Unfortunately, the path to reconciling the House and Senate versions of the 2018-202 Biennial Budget remains a long one. Since the Senate version did not contain Medicaid expansion, the differences to be ironed out were large to begin with. It was confirmed yesterday that we wouldn't have a compromise budget to vote on today. Instead, we will return for a special session in a few weeks to vote. As I learn more information about what the compromise will look like, I will share it with you.

Governor's Vetoes and Reconvene Session
While Governor Northam has not vetoed any legislation yet, chances are good that there will be at least a couple of them for the House and Senate to review during the Reconvene Session on April 18th. At that time, we will also address any recommendations that the Governor has made to legislation as well as any amendments he has to the compromise budget.

Wednesday, March 7, 2018

2018 Session - Week 7

All my days I prayed and prayed and now I see the finish line
Oh I'm gonna finish mine
All my days I prayed and prayed and now I see the finish line
Gonna finish mine

~Chance The Rapper, "Finish Line/Drown"

The 2018 Session is nearly at and end, but things have only slightly slowed down. We're wrapping up committee meetings to get through the last of the bills to go to the floor for votes. Conference committees are meeting to work out the kinks in bills. So, while this week's update is relatively short, I'll have a longer one next week once more things have been finalized.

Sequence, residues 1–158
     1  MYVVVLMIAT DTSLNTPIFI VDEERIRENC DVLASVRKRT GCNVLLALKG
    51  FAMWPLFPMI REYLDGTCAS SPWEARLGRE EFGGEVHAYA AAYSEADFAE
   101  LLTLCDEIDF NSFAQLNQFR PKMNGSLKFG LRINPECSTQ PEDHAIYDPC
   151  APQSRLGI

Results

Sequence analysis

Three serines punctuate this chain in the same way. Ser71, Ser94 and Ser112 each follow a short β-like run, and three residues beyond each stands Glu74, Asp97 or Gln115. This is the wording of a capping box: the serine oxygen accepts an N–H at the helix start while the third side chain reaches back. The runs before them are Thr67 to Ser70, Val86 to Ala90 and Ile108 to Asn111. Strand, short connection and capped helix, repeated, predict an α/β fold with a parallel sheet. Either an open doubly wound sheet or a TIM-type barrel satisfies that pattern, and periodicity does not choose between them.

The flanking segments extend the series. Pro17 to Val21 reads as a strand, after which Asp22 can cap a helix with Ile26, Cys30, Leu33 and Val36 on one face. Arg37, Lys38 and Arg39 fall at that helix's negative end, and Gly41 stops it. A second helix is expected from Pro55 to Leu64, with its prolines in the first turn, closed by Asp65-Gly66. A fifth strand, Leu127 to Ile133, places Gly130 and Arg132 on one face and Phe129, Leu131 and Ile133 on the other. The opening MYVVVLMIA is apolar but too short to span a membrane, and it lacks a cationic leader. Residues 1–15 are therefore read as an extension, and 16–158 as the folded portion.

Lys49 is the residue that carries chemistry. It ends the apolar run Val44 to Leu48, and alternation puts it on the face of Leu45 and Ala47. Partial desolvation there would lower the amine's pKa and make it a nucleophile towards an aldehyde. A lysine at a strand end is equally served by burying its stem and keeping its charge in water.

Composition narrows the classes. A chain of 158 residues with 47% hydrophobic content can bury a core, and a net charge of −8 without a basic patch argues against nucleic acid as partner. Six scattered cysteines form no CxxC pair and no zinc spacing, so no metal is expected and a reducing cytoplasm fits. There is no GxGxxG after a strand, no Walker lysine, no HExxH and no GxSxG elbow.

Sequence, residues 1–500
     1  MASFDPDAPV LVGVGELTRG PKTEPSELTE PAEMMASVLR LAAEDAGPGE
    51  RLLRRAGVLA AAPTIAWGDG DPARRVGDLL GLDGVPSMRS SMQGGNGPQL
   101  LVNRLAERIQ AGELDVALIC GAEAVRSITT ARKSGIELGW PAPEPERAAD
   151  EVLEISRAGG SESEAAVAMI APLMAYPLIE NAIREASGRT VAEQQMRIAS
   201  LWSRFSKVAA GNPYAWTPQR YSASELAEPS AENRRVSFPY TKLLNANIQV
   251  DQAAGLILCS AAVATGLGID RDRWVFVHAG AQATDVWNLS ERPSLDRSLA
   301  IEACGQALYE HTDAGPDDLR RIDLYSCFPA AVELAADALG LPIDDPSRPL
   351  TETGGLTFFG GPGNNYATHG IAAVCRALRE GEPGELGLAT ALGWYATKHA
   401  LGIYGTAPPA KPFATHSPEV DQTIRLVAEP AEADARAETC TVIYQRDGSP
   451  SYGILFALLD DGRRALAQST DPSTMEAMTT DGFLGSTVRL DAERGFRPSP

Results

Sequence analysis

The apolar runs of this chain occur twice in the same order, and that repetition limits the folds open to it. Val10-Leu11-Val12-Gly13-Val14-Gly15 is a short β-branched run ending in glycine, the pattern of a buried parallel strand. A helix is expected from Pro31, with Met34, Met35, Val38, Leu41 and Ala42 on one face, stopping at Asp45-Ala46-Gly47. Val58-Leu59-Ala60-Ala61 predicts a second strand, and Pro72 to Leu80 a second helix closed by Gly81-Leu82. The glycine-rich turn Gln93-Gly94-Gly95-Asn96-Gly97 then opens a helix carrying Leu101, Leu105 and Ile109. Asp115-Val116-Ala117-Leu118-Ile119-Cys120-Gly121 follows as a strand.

On the House floor, I once again spoke against a bill that would prohibit localities from requiring a wage floor when entering contracts. A version of this bill has been vetoed for the past two years and I suspect it is headed for the same fate this year.

I also did a speech in honor of my mentor and predecessor, former Delegate Jim Scott. One of the nice things that we can do in the House is adjourn in the honor and memory of someone - I took this opportunity to honor Jim last week as he touched many lives over the years, including many of those still elected to the General Assembly.

Legislative Update

For the first time, I have three bills in conference:

HB 911 | Requires companies offering a recurring contract or automatic renewal to clearly state the terms and conditions of the contract. The bill is in conference so that we can add a line about those companies that try in good faith to comply.

HB 690 | Removes the residency requirement for registrars in localities with a population less than 15,000. There is a Senate version of this bill that has a higher population threshold, which will most likely be what the compromise version looks like.

HB 287 | Creates a Special License Plate for "Stop Gun Violence. Because the House and Senate versions of this bill are different, we need to find the happy medium between the two.

The Budget

Conferees are still hard at work to reconcile the House and Senate versions of the budget. Unfortunately, it may be a long path to consensus since the Senate version did not include Medicaid expansion. There are also rumors that a compromise won't be reached before the last day of Session and what we'll have to have to come back to vote on a final version some time later in March or even April.